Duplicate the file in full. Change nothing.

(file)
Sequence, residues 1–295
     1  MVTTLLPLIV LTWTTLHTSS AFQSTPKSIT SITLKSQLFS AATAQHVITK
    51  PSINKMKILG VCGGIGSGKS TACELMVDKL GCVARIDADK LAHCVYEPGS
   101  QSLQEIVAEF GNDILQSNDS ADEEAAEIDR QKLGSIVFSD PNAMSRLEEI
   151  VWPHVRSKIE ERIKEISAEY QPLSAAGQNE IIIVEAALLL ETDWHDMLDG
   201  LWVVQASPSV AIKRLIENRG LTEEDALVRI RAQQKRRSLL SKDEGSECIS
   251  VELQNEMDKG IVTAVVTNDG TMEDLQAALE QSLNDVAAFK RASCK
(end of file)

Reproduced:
Sequence, residues 1–295
     1  MVTTLLPLIV LTWTTLHTSS AFQSTPKSIT SITLKSQLFS AATAQHVITK
    51  PSINKMKILG VCGGIGSGKS TACELMVDKL GCVARIDADK LAHCVYEPGS
   101  QSLQEIVAEF GNDILQSNDS ADEEAAEIDR QKLGSIVFSD PNAMSRLEEI
   151  VWPHVRSKIE ERIKEISAEY QPLSAAGQNE IIIVEAALLL ETDWHDMLDG
   201  LWVVQASPSV AIKRLIENRG LTEEDALVRI RAQQKRRSLL SKDEGSECIS
   251  VELQNEMDKG IVTAVVTNDG TMEDLQAALE QSLNDVAAFK RASCK